The panelists of Kingpins Transformers fielded questions on sustainability for denim businesses across the production chain.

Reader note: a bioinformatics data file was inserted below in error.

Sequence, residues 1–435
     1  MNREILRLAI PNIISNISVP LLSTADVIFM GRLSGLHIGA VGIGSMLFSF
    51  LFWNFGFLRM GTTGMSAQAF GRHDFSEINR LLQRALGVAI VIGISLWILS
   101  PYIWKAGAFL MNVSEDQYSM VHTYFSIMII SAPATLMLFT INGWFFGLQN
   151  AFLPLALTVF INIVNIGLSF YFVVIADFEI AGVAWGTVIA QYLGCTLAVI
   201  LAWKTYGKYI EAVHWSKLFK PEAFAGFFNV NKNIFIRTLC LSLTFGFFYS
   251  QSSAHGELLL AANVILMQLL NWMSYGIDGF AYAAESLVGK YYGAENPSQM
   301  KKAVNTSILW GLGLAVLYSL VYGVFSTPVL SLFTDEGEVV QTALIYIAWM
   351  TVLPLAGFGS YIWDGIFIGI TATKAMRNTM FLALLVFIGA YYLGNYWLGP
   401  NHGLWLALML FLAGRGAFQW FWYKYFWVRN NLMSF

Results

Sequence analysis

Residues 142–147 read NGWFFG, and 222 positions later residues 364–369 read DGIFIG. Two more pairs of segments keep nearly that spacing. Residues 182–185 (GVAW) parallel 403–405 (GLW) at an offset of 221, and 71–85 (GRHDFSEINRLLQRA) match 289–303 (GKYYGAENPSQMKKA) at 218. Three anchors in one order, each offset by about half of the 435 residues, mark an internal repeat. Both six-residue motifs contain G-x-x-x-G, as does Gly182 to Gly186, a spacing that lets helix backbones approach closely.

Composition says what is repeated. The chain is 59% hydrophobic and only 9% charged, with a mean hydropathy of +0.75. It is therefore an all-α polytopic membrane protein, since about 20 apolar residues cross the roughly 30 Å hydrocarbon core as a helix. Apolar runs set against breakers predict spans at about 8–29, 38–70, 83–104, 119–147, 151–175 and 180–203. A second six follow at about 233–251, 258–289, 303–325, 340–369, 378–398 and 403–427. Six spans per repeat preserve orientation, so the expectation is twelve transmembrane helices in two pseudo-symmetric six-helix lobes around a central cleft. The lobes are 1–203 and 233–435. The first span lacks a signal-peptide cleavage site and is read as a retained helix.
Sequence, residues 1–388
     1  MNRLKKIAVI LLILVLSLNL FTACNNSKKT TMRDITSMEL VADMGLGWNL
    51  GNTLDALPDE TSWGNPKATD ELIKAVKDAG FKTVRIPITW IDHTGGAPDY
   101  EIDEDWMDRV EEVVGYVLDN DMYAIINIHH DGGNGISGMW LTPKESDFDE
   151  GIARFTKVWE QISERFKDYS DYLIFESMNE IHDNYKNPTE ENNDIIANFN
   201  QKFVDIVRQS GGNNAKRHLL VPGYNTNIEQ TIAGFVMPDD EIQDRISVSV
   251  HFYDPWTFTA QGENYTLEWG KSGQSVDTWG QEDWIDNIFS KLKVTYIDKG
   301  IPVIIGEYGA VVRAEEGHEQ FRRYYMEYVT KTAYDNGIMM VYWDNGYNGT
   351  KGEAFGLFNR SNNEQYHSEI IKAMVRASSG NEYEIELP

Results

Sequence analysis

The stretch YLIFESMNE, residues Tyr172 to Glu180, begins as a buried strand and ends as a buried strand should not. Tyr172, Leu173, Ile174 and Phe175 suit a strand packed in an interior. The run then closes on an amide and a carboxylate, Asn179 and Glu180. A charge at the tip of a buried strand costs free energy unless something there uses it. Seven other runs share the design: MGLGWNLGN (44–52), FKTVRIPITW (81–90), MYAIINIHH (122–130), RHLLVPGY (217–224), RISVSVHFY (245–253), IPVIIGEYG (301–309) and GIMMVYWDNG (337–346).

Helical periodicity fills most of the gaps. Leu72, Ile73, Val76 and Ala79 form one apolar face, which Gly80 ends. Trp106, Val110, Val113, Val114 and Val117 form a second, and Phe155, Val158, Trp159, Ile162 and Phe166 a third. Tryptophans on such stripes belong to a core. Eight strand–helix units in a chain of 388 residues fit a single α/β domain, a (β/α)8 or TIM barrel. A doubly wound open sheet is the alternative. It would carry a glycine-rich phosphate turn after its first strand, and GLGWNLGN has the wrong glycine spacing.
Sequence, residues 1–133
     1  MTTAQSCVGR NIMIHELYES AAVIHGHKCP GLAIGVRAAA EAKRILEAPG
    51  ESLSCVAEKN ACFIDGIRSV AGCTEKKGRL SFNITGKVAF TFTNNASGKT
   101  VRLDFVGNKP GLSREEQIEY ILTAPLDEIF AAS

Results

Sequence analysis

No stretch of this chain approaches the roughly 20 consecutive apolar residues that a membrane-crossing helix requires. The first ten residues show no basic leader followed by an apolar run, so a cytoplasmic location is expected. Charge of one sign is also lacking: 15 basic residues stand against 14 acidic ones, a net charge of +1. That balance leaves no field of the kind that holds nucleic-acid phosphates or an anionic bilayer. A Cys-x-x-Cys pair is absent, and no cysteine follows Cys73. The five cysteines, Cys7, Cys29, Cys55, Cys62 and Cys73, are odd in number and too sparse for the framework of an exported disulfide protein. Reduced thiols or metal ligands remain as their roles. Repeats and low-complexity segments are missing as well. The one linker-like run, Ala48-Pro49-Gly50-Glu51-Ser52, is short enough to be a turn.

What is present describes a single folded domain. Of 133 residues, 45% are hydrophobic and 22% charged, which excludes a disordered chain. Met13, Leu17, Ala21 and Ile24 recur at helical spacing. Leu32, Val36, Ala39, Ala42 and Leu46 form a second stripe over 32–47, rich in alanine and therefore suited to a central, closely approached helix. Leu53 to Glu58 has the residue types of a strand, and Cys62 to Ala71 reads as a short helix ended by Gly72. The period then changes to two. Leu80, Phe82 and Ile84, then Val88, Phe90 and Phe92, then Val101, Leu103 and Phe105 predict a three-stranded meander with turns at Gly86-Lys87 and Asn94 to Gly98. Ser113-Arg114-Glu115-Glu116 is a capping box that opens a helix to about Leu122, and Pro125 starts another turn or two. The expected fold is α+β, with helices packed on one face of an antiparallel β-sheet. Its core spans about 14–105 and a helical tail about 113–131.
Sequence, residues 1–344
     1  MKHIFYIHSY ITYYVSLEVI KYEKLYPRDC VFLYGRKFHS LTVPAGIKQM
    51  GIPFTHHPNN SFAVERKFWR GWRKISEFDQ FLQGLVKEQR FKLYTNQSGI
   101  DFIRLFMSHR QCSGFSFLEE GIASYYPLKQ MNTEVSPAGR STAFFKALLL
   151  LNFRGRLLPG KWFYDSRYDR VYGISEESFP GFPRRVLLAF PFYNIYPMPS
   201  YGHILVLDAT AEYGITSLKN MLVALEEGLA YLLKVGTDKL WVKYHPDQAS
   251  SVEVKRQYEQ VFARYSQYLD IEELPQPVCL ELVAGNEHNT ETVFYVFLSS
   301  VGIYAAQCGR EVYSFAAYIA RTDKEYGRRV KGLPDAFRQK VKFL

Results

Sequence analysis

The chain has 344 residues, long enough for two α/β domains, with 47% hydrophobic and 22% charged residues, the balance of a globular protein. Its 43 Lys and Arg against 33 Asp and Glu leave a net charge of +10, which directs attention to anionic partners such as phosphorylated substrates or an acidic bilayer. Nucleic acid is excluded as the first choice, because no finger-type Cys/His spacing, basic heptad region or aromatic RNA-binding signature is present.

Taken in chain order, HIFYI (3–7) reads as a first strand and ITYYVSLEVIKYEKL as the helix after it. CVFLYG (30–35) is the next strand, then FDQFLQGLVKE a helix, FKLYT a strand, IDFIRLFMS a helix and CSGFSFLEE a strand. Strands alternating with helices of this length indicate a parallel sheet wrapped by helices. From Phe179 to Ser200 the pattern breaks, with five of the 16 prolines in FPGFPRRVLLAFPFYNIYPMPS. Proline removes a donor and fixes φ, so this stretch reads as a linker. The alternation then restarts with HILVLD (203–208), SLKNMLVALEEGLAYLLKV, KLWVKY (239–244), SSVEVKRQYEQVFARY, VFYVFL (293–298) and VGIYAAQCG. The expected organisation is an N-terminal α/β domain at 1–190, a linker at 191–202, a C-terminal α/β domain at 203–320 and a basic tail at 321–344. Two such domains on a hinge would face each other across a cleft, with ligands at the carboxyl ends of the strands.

AMSTERDAM — As the denim industry continues to clean up its act, the Transformers summit held at the recent fall 2018 edition of specialist denim fair Kingpins Amsterdam centered on the cost of sustainable denim.“Don’t ask how, ask why,” said one of the participating speakers, sustainable denim expert and former WWD reporter Paulina Szmydke, whose book “The Cost of Clean Denim” is due out at the end of the year.“When I asked why the industry was not moving faster toward a sustainable business model, the most popular answer was: ‘Because it costs more.’ When I asked how much more, it turns out in some cases it was literally a matter of cents,” she added, explaining that sustainable choices paid for themselves in the long run.Committed brands in the long run are expected to outperform their non-sustainable counterparts, according to Szmydke, with the possibility of seeing returns within a period of three to 10 years.“Fashion is about change. The industrial revolution started with textile, so denim could be the forerunner of the green revolution,” she said, emphasizing that the responsibility lies not only with chief executive officers, but also with designers and the media.Sanjeev Bahl, president of Saitex, a Vietnam-based denim producer and industrial laundry, indicated that most capital investments undertaken by his company in favor of sustainability — from renewing equipment to lowering water and energy consumption — had paid for themselves in four years.Cents are all that remain for players such as Garmon Chemicals. Pointing out the race to the bottom on garment prices, with quotations for jeans falling as low as five dollars, chief marketing officer Alberto Di Conti said green-minded research and development was difficult to fund when faced with the double gambit of dwindling budgets for chemicals and rising certification costs.“Even small choices, such as a change on a button, can have a large impact [on budgets],” said Kristin Kimm, senior denim designer at Target. Switching to 20 percent of recycled polyester involves the equivalent of 5.6 million post-consumer bottles, she added.Ultimately, sustainable finishings on denim cost less, countered Jeanologia ceo Enrique Silla, who summed up some of the current industry standards including water consumption of under 30 liters — preferably using recycled water — and energy consumption of under two kilowatts per garment, as well as prohibitions on 11 blacklisted chemicals known for their hormone-disrupting properties.The priority in order to make costs bearable, he said, lies in anticipating future regulations and best practices rather than reacting to them. A potential future ban on potassium permanganate, a chemical used for surface treatments, was among issues the denim industry needs to act on before legislation has been passed, Silla added.“Focus on better product, rather than better certifications,” commented Alberto Candiani, whose family-owned firm Candiani is subjected to stringent regulations, due to its location in a natural reserve, and has so far refused to participate in any certification programs.“Sustainability and social responsibility are critical to our ongoing success as a business,” said Tom Flicker, who oversees sustainable product development at Target. “Sustainability is a journey,” he added, noting that consumers, while not looking for perfection, do expect progress and transparency from retailers, according to studies commissioned by Target.While solutions are still being sussed out all along the supply chain, the speakers agreed on one point: sustainability is no longer just about storytelling, it’s about actively engaging in the story.